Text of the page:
• How Do You Deal With A Neighbour Dispute?

    Tags: Mediation, Commercial Litigation, Dispute Resolution, Neighbour Dispute, Noisy Neighbours, Boundry Dispute

    Disputes can arise with your neighbours for many reasons, and it’s often hard to know what to do to resolve them. Fortunately, there are a lot of different things you can do if you are having a problem with your neighbour.

    Our advice on neighbour disputes addresses the most common problems you may encounter handling disputes with neighbours and provides some general advice on the different routes you can take to try and sort out any problems with the people next door. 

    The two most common neighbour disputes are: 

    Noisy Neighbours

    One common complaint people have is with neighbours who are too loud, often at antisocial hours. Whether it’s loud music or the endless barking of a dog, noisy neighbours can make it impossible to live your life in peace.

    Boundary … more

  • 3 Things We Learnt In Law This Week (4 April 2019)

    Tags: Maternity Leave, Sex Discrimination, Constructive Unfair Dismissal, Employment Law, Employment Tribunal, Unfavourable Treatment, Employment Solicitor

    Bar Manager Choked By Colleague At Christmas Party Wins Tribunal

    A bar manager who was choked at the Christmas Party by her manager has won over £6,000 in damages after, when she reported the incident, her manager joked to the perpetrator “Alright buddy? Hear you’ve been choking girls lately”.

    A bar manager who was left with anxiety, PTSD and partial facial paralysis after she was choked by a colleague at a staff Christmas party was constructively unfairly dismissed, Cardiff Magistrates Court has found.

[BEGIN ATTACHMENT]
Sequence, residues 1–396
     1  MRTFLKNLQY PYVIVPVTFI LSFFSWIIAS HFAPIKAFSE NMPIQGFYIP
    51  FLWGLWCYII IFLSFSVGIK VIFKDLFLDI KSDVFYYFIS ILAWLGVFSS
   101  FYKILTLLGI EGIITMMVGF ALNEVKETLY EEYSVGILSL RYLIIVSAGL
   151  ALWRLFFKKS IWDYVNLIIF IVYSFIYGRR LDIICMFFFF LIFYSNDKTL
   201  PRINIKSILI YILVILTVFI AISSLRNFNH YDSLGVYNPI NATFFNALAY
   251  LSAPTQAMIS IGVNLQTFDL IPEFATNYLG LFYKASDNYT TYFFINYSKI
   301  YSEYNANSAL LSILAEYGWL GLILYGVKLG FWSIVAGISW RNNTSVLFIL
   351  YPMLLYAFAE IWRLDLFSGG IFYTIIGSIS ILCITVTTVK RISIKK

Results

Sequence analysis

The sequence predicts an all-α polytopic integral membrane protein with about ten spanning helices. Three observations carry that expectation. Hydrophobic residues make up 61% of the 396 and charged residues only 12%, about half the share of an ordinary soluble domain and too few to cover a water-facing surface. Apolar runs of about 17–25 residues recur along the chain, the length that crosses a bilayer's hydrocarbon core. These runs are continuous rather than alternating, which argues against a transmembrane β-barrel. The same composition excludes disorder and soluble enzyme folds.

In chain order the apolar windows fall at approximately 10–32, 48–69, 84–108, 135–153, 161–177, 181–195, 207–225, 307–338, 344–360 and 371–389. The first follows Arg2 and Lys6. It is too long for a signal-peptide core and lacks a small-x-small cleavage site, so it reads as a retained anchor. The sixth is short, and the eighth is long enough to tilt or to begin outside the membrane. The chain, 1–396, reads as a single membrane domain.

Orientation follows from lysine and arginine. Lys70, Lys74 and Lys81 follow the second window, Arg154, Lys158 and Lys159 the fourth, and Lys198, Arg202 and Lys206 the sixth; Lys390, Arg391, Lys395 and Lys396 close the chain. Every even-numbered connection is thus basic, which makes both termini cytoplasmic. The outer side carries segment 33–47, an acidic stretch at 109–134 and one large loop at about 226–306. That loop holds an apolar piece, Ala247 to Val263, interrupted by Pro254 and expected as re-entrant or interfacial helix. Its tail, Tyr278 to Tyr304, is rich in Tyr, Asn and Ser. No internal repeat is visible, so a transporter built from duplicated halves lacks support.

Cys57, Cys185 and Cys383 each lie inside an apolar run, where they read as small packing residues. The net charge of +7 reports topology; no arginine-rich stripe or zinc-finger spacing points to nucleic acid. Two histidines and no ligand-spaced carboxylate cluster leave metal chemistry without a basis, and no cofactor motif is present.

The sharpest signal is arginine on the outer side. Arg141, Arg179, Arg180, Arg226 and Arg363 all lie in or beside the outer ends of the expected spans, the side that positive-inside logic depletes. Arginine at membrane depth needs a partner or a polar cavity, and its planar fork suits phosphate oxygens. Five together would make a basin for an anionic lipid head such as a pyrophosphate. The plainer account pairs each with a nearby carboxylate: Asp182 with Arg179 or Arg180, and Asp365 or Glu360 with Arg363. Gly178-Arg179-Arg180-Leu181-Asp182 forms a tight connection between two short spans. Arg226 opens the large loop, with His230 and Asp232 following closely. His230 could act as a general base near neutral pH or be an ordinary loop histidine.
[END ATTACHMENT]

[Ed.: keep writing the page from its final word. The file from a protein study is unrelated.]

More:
Phillips reportedly told the tribunal how one of the business’s co-directors, Jason Pearce, had been heard joking about the incident, in which the club’s chef, Mr Webb, had allegedly gripped Phillips’ neck and left her unconscious.& … more

  • What Are Your Rights If You Buy Faulty Goods?

    Tags: Commercial Litigation, Dispute Resolution, Faulty Goods, The Consumer Rights Act, The Consumer Protection Act

    When it comes to faulty goods, many consumers are unaware of the protection and statutory rights they are legally entitled to. Shops often exploit their customers’ uncertainty and violate shoppers’ statutory rights by shirking their legal responsibility to remedy situations by offering refunds, repairs or replacements.

    The Consumer Rights Act

    Under the Consumer Rights Act 2015, traders are legally responsible to sell goods which are:

    ‘As described’, meaning the actual product must match any description(s) given to the customer before purchase by which the goods are identified.

    ‘Of satisfactory quality’, that is they are of a standard that would reasonably be expected taking into consideration the price paid and description. In appropriate … more

  • A Guide For Employers: Family Friendly Working

    Tags: Flexible Working, Discrimination, Maternity Leave, Employment Law, Employment Tribunal, Working Time Regulations 1998, Employment Rights Act 1996, Shared Parental Leave, Paternity Leave, Family Friendly Working, Part-time Working, Home Working, Health and Safety Risk Assessment, Time Off, Emergencies, New Parents, Childcare

    From shared parental leave to part-time working, in this guide we explore five things all employers need to know about family friendly working.  

    Shared Parental Leave 

    It’s not just women who can take up to 12 months off when they have a baby. Shared parental leave (ShPL) enables eligible parents to take time off together to care for their child or transfer leave to their partner during the child’s first year.